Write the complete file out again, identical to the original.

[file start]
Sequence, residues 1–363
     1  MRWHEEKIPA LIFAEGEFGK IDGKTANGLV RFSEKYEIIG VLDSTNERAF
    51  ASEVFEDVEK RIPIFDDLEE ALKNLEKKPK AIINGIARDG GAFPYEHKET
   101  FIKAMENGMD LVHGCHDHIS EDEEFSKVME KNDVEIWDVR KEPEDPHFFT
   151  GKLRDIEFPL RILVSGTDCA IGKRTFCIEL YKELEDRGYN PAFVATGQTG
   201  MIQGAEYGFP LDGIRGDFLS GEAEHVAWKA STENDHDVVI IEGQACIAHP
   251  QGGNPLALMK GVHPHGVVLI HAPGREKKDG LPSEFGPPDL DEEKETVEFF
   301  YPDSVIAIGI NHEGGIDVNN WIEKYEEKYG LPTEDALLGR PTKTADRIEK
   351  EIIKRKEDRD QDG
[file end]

Sequence, residues 1–363
     1  MRWHEEKIPA LIFAEGEFGK IDGKTANGLV RFSEKYEIIG VLDSTNERAF
    51  ASEVFEDVEK RIPIFDDLEE ALKNLEKKPK AIINGIARDG GAFPYEHKET
   101  FIKAMENGMD LVHGCHDHIS EDEEFSKVME KNDVEIWDVR KEPEDPHFFT
   151  GKLRDIEFPL RILVSGTDCA IGKRTFCIEL YKELEDRGYN PAFVATGQTG
   201  MIQGAEYGFP LDGIRGDFLS GEAEHVAWKA STENDHDVVI IEGQACIAHP
   251  QGGNPLALMK GVHPHGVVLI HAPGREKKDG LPSEFGPPDL DEEKETVEFF
   301  YPDSVIAIGI NHEGGIDVNN WIEKYEEKYG LPTEDALLGR PTKTADRIEK
   351  EIIKRKEDRD QDG